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unique session id

by princepawn (Parson)
on Jun 08, 2000 at 18:27 UTC ( #17084=perlquestion: print w/replies, xml ) Need Help??

princepawn has asked for the wisdom of the Perl Monks concerning the following question:

I have seen Apache::Session, but am wondering just how long I can be sure that the session id's it generates will be valid To me, it seems that incremental generation of ids is more failsafe than those long strings it generates.

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Re: unique session id
by httptech (Chaplain) on Jun 08, 2000 at 18:55 UTC
    Incremental generation of ids is not very secure, because a user could easily hijack someone else's session just by bumping his/her session id up or down.

    I've also seen security problems with random session ids, though. For example, the WebX message board system, a popular commercial BBS. It uses some very funky session IDs to track logins. However, it also allows limited HTML, including hyperlinks. So, all I need to do is add a hyperlink into my message that leads to a CGI script on a server I control. The CGI script reads the HTTP_REFERER info, and forwards it to me via email. Now I have that user's session ID, and if I get there before their session times out, I can hijack their session and forge messages, mess with configuration settings, etc.

    Just things to consider when you are going to be using session IDs.

      That's a good point. Just generating a random session id isn't enough. You also have to make sure you aren't getting a session id from a client other than the one you issued it to.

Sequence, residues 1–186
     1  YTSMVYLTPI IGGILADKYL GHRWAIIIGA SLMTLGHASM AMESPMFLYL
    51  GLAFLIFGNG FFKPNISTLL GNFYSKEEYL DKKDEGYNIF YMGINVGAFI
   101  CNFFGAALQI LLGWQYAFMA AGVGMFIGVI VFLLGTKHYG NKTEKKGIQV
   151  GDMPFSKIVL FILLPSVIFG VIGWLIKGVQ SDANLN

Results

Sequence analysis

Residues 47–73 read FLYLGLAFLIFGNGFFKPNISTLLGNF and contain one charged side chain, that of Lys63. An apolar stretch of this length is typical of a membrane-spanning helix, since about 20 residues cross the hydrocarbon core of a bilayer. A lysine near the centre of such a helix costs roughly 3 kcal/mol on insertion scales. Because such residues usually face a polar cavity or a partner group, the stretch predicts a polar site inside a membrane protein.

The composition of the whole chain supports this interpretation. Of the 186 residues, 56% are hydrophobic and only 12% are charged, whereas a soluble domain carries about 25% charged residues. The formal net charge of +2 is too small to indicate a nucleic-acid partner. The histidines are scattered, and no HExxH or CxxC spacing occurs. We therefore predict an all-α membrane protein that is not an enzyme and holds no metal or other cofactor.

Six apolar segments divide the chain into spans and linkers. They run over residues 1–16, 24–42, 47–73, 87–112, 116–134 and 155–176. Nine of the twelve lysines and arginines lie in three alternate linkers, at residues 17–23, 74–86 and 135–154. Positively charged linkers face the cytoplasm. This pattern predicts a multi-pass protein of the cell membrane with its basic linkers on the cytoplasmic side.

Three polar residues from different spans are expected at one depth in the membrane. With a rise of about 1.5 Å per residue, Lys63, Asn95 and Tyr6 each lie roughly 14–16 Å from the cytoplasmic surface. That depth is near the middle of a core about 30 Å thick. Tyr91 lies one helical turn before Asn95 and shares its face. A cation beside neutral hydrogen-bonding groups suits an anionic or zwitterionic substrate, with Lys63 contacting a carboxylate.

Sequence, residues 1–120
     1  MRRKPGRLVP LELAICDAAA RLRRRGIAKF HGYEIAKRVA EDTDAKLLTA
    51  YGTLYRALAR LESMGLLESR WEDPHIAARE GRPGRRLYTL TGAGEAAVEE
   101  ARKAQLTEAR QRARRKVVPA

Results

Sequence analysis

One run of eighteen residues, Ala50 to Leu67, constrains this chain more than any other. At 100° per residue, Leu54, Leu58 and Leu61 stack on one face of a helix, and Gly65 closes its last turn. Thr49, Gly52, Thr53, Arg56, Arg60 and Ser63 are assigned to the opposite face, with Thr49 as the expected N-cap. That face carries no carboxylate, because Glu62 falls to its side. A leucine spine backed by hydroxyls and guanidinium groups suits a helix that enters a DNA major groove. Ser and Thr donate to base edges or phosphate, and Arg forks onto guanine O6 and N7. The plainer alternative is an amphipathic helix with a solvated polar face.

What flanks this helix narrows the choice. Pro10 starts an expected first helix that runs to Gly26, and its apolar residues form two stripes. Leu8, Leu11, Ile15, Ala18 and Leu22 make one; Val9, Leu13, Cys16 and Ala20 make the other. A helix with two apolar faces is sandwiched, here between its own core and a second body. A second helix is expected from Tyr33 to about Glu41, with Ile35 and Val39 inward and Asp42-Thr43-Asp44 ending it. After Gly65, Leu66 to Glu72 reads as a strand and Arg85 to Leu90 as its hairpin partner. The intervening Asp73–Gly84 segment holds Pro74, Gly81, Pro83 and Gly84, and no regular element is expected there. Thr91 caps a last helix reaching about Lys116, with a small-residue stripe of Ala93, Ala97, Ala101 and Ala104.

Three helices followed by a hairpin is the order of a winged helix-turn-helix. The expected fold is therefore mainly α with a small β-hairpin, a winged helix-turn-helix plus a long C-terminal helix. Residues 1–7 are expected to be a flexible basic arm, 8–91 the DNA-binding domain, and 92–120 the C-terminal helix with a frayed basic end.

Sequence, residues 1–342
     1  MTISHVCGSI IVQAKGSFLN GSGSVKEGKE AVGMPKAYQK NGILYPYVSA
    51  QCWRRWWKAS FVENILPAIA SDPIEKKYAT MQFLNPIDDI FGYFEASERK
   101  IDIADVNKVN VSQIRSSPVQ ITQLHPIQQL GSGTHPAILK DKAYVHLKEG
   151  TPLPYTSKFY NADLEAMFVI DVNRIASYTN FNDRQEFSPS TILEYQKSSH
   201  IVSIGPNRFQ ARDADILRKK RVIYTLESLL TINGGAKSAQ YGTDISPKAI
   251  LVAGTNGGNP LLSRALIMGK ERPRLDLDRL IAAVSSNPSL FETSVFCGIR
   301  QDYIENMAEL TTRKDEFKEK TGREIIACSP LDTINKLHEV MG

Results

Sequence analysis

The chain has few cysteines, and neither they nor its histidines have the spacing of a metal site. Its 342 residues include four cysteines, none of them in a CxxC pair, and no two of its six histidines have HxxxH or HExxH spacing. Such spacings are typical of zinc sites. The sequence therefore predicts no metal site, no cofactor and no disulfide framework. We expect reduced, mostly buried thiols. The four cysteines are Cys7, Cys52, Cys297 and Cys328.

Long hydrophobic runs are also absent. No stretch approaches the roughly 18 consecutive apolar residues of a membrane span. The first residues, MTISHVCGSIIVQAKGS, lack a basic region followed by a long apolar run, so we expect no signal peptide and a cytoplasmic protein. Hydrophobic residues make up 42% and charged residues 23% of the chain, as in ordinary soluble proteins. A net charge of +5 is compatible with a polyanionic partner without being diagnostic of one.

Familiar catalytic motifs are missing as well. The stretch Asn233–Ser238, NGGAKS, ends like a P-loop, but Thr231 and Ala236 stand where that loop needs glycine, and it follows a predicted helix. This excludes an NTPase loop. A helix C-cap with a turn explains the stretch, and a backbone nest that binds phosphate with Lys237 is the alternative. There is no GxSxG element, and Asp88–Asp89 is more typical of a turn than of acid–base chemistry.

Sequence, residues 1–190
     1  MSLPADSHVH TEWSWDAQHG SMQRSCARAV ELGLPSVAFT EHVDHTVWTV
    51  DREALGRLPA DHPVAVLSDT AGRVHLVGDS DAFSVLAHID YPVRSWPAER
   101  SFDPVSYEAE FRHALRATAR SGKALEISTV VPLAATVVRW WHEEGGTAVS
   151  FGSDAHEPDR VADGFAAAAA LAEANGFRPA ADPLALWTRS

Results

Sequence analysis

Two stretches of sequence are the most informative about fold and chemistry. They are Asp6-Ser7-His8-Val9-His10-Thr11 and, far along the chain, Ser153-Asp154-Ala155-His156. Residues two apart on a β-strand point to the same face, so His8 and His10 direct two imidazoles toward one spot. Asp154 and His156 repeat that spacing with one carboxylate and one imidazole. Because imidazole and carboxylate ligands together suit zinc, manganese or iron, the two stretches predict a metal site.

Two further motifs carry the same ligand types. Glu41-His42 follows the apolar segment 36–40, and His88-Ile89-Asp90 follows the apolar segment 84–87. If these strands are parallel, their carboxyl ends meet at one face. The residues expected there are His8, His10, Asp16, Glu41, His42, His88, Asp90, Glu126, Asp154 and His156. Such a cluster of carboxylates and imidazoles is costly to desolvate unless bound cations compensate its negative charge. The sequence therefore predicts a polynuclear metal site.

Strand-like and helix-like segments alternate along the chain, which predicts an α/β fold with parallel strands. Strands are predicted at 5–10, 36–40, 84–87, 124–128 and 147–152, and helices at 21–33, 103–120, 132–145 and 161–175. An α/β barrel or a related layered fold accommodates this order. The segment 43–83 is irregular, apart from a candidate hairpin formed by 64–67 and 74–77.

There was a really interesting thread about securing session ids on the mod_perl mailing list a couple of months ago.

      The trick is that you need to store some validation information such as the client's ip address or a session timeout along with the session key. That way you can verify (or at least be more certain) that the client presenting the session key to you is the correct one.

      There are basically two schools of thought: You can either encrypt the extra information in the session key itself, or you can store in it a database indexed by the session key. Each method has its advatanges. The first requires some processing overhead to decrypt the data stored in the session key and possibly more bandwidth since the session keys may be longer. The second requires a database hit each time you verify the key. It's essentially a CPU vs. IO tradeoff.

      Here's a link to the thread:

      - Matt
Re: unique session id
by gregorovius (Friar) on Jun 08, 2000 at 20:00 UTC
    The newer version of Apache::Session has 32 byte session id strings. I don't know if these are randomly generated or if the algorithm takes care of verifying that they're not repeated, but given the number of bits involved I would say that the chance of it generating the same key twice (for a human population) is smaller than 1/(number of hydrogen atoms in the universe). :-)
RE: unique session id
by PipTigger (Hermit) on Jun 09, 2000 at 00:41 UTC
    I wrote some code to do something similar last week. It doesn't check the $HTTP_REFERER or anything but it's not a Message Board system either so there's not a significant likelihood that a generated seshunid is going to be hijacked or even visible by anyone but the logged in user. It's more like a hidden tag which indexes a server-side cookie for transaction state information. In hindsight, I'd change the time stuff to be all seconds like time() instead of the array context of localtime() but it werks now so I'll change it later if I get around to it. I'm putting the code in craft... Here it is! I hope someone finds it mildly useful. Feel free to email me with any questions or more likely suggestions on how I could do it better (I have much to lern!). TTFN & Shalom.


    p.s. Byslexia is a Ditch!

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